This is probably a piece I shouldn’t write in public. As I sit here, on the train, a day after hearing of Howard Marks’ passing, I realise that a private environment may have be the wiser choice. Funny thing is… I’m not an emotional person.
For whatever reason, Howard’s death has affected me more than I thought it would. I’ve found my mind straying over towards him during this last day or so. I met Howard on a number of occasions and in many different settings. From seeing his live stage show, where he held every audience in the palm of his hand with his snake-charmer quality voice, to actually sharing a stage with him at various events, Howard would make time for every request which fell into his heaped inbox.
In the film The Culture High, we gave Howard the spotlight and he told his own story. This clip goes some small way in lifting the veil on just what a unique existence this man had. His dramatised biopic, Mr Nice, is a fine tribute to a man who was clearly destined to have his life projected onto bigger screens.
Despite being such an amplified, larger than life figure, it’s the ‘real’ Mr Nice that I’m remembering. The off-the-clock Howard Marks.
It speaks volumes when even your biggest adversary respects you and has extremely fond words – this is what Howard’s legacy truly is; a character of beautiful dichotomy.
One of the world’s most notorious drug smugglers should go down in history as a super villain, but far from it. Even the Mail on Sunday columnist Peter Hitchens is deeply saddened over Howard’s death. In his reminiscent blog, Peter describes the night of an Oxford Union debate where he and Howard struck their mutual bond over purified respect.
It was at a debate in Bristol between Peter Hitchens and Howard Marks that I find myself looking back on – a smile now hitting my face in front of this entire train carriage as I simultaneously write and reminisce with little fluency, and without filter.
After a particularly heated and yet sporting debate on cannabis, Peter and Howard retired to the venue’s library to sign their respective books. Both sat at the same table, sparring and laughing with the interested parties looking on. This was an unbridled and unbilled after-show. I was one the last person at the venue. I had both Peter Hithchens’ book, The War We Never Fought, and Howard’s publication Dope Stories. I was of course going to get them both signed.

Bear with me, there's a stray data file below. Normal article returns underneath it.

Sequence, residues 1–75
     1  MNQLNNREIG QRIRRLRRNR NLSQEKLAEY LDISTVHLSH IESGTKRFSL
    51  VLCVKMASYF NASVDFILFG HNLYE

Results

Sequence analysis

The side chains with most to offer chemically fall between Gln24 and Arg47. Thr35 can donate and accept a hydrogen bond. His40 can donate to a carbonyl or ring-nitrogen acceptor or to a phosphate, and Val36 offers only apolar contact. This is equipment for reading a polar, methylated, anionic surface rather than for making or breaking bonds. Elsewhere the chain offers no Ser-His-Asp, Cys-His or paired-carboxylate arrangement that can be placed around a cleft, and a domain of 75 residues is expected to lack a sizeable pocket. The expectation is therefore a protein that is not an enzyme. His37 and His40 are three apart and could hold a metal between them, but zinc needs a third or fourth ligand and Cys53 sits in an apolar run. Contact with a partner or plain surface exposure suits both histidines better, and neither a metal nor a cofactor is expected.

I stepped up and said hello to Howard first, and to my shock, he remembered me! He even remembered the organisation that I work with, LEAP UK. We had a good chat as he signed his book for me, not breaking his rhythm as his almost colliery band-esque tone greeted me with notes of comfort.
Peter Hitchens’ attention turned towards us as Howard and I chatted, me still being coy in the presence of such polarising and dominating characters. Howard, in mid-flow of, well, being Howard, took the next book out of my hand to sign. Before I had the chance to combat my reticence, Howard had signed the book… and as his pen hit a rather theatrical full-stop. He realised that he had indeed signed Peter Hitchens’ book. Peter immediately spotted this and erupted with laughter at the possibility of the deliberate mistake. Howard flitting between our gazes gleefully told me that I now had a unique copy, ready for eBay the next day. Peter Hitchens found this legitimately funny and to see the both of them engaging in pure, impish banter is something that I keep going back to in my mind. Peter signed the copy of his book too – so I do indeed have the only copy of Peter’s The War We Never Fought signed by both the author and a notorious drug smuggler.
As much as this anecdote now rests with me, I am filled with guilt and regret. On a number of occasions Howard spoke with me and members of the LEAP UK team over his own contribution to the organisation. Given how Howard has the unprecedented accolade of being on all sides of the law (he really did have a strange life!) we collectively pondered as to if Howard could fit in to an organisation of enforcement personnel who oppose the ‘war on drugs’. It was Howard, with humility and self-deprecation, who put forward concerns as to if his association would potentially detract from the gravitas of the organisation.
Since learning of his inoperable cancer, I kept meaning to reach out to Howard and say thank you and to potentially offer him an honorary role. My own health, my own shyness, my own awkwardness over the situation prevented me from doing so. Complacency meant that I was putting off until tomorrow. Only now is that special brand of perspective hitting me; when finality hits, all other considerations really do become meaningless. Howard has taught me to throw more caution to the wind and to simply ‘be more Howard’.
Honesty is always the best policy.
What I’m making a hash of saying is: Howard has provided me with that special brand of reflection and contemplation. He really did enjoy life rather than endure it. I didn’t quite realise that he would leave as big of an impression on me as he has – so here’s to you, Mr Nice – may you act as a cerebral conscience of reform from now on.